Simon Birmingham: We’re a government that wants to be a low taxing government because we want to create more jobs, opportunities and wealth for Australian families; more opportunities for people to get ahead in life. That’s why we will continue to work hard to ensure we deliver, as we have, on lower taxes in terms of income taxes for Australian families, as well as lower taxes for Australian businesses, small and medium businesses like the one we’re standing in here at Daws Road Early Learning Centre, as well as all Australian employers who ought to be able to offer jobs for their employees, higher wages for their employees on the back of competitive global tax rates.
Question: Can the Government afford to go on and ignore the messages from the by-election losses or can we expect some adjustments?
Simon Birmingham: The Government continues to work to deliver good policy for Australians. And good policy is lower tax for Australian households and businesses.
Question: Do you think that the policy should be changed at all, if it’s not scrapped?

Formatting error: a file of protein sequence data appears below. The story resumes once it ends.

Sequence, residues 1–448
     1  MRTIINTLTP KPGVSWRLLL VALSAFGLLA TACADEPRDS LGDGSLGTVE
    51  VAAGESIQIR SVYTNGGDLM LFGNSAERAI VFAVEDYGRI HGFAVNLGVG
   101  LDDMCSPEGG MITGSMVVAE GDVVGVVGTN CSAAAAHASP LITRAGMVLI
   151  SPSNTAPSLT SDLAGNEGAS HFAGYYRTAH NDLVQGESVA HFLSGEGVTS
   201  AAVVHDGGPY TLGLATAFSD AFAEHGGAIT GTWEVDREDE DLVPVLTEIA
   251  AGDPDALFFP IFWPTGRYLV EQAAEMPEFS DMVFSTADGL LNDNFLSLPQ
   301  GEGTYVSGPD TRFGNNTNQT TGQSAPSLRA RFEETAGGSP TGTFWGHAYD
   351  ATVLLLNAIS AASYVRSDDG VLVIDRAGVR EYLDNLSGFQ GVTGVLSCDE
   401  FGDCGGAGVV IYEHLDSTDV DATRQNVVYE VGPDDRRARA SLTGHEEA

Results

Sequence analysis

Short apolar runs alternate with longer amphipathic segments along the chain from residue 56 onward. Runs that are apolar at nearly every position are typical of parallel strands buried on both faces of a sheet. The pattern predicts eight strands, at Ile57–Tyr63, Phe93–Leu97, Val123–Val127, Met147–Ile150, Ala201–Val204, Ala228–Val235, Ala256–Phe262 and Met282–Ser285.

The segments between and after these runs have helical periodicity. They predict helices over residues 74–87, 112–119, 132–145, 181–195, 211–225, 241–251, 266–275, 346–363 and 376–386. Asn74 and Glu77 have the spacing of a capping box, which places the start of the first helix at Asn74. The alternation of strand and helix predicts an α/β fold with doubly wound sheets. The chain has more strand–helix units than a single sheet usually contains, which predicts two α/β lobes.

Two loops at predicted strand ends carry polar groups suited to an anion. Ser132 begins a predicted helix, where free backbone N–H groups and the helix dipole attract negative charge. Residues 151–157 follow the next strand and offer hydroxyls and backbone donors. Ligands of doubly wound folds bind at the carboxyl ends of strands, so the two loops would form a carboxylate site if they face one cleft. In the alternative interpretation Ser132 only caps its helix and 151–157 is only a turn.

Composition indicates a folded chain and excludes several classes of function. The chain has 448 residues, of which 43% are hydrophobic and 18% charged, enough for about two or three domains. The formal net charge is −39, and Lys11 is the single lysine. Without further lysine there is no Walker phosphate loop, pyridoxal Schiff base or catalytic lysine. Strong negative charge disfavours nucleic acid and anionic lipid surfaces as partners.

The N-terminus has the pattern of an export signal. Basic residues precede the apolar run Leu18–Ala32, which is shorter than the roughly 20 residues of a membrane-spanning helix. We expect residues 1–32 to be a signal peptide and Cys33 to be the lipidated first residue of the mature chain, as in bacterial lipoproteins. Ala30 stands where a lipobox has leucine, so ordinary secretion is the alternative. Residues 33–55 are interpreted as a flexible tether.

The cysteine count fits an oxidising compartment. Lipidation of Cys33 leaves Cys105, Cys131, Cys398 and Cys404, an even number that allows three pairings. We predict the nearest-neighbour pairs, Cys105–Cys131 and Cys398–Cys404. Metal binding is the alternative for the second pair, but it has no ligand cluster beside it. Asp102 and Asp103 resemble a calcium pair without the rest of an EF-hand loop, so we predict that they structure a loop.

Simon Birmingham: Well, the Government’s going to continue to work to ensure that we keep taxes as low as they possibly can be for Australian households, for Australian businesses because that’s what’s going to help create more jobs and higher wages for Australians.
Question: The Catholic school sector is claiming success against the Government in Longman over the weekend. Is it time to make peace and listen to their complaints on funding?
Simon Birmingham: I’ll let commentators talk about what drove votes in the by-elections. But I would highlight the fact that the Government, last year, initiated a review into some of the concerns that Catholic education had about the way elements of school funding was calculated. That review reported last month, we have committed and we’ll respond to that review in the coming weeks and months.
Question: Will you be offering any new strategies to Cabinet regarding Catholic school funding?
Simon Birmingham: We will respond to the review that we commissioned last year, we received last month, and we’ll respond to that in the coming weeks and months, and we’ll respond in a way, as I’ve indicated, that acts on the recommendations to ensure school funding is fair for every single school sector in Australia.